Thursday, June 26, 2008

Bug factory

While the HC crew rode alleys and others rode epic border crossings, me darlin' Mrs and I went North and West for to hike and 'splore areas of our great state. This past weekend we found us on the border of the prairie and forests where the last of the glacial lakes lie: Glendalough, Maplewood, Buffalo River and Big Stone Lake.

We took a half day from work and headed up towards Glendalough, which is about 25 miles east of Fergus Falls. This is another surprisingly gorgeous park with forest and prairie and utterly clear, sand bottom lakes. There are no drive in camping sites so there isn't the accompanying noise and commotion that comes with huge trailers and lots of car traffic. We set up camp in a grove of oak trees. A pleasant breeze ran through the park and everyone there was enjoying themselves -- kids racing around on bikes (but no screaming!), couples walked past hand in hand, and families coming back from an afternoon of fishing, smiling and showing off their catch. It was idyllic except for a hidden menace that lie lurking just below the surface of this peaceful scene.

Apparently, this is where the hidden tick factory for Western Minnesota creates its creepy spawn.


These transition areas are where deer like to live -- not too far into the woods to hide and not too far into the prairies to eat. With the deer here, deer ticks can't be too far behind. Or ahead, or to the left or the right. I have never seen so many ticks in my entire life. We must have pulled 50 ticks off of each other over the course of the weekend and Mrs. Yam is still a bit jumpy at the slightest tickle be it a breeze from vent or a pant leg barely grazing exposed skin.

Glendalough is a former retreat for the big Minnesota newspaper families and has been preserved quite nicely. It is on a couple of small, very clean lakes and the DNR has started bringing back some of the native prairie to the areas that aren't forested. The hike was around Annie Battle lake that was really quite striking with the beautiful evening, light breeze and clear skies.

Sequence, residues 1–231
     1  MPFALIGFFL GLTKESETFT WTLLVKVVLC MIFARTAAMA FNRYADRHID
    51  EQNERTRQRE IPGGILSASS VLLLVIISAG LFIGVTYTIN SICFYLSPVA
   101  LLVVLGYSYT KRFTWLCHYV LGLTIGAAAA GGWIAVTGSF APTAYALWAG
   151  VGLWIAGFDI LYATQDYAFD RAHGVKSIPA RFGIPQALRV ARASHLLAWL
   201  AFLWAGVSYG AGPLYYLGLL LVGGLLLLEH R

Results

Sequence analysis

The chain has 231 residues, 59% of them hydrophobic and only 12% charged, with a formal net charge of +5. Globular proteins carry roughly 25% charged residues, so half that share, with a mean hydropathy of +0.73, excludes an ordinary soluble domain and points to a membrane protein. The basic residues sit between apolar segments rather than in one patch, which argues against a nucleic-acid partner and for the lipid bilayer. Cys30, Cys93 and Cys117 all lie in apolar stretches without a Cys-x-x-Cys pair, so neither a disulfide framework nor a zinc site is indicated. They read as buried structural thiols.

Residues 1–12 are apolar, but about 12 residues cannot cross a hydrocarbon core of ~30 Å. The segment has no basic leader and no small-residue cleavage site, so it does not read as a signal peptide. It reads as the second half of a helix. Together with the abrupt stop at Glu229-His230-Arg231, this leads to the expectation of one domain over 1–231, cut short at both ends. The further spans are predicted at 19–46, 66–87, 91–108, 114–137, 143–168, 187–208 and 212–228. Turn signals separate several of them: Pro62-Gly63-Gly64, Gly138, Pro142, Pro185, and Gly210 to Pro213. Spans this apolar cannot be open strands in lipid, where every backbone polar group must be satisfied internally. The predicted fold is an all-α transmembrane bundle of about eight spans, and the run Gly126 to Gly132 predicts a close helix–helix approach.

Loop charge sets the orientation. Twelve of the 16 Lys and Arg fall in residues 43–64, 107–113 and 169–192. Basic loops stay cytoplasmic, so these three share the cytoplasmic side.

Saturday found us on our way to Maplewood State Park. It wasn't far from Glendalough, you just had to wander your way through all of the lakes that dot that area of the state. It was nice to see lakes with the old style cabins, you know, little ones with a maybe three rooms and that great screen door held shut with the long spring that went "goyng goyng goyng" as you walked through and then would slam shut with a satisfying crash. Not like the 48 room "cabins" you see on lakes around Brainerd. Fishing boats and resorts from the 50s still abound -- it all looks like an ad for Schmidt's Beer...

This was the longest hike of the weekend with a length of 10 kilometers over surprisingly hilly terrain. This is also the last of the great Eastern Hardwood forest before the prairie takes over and where the glaciers stopped, with the moraines and the lakes evidence of their passing. Sheila, our dog is about 10 years old and is beginning to slow down and the hills and heat were just a bit more than she was able to do. We stopped a couple of times to look at the maps and the poor thing would climb in the tall grass and collapse, panting. So, for her sake, we cut short our walk and headed back to the car. Since Maplewood is a large park, we didn't really shorten our walk all that much, we just hiked on the road, but that seemed to make all the difference for her and she seemed to improve. When we arrived at the parking lot, she crawled under the car and went right to sleep.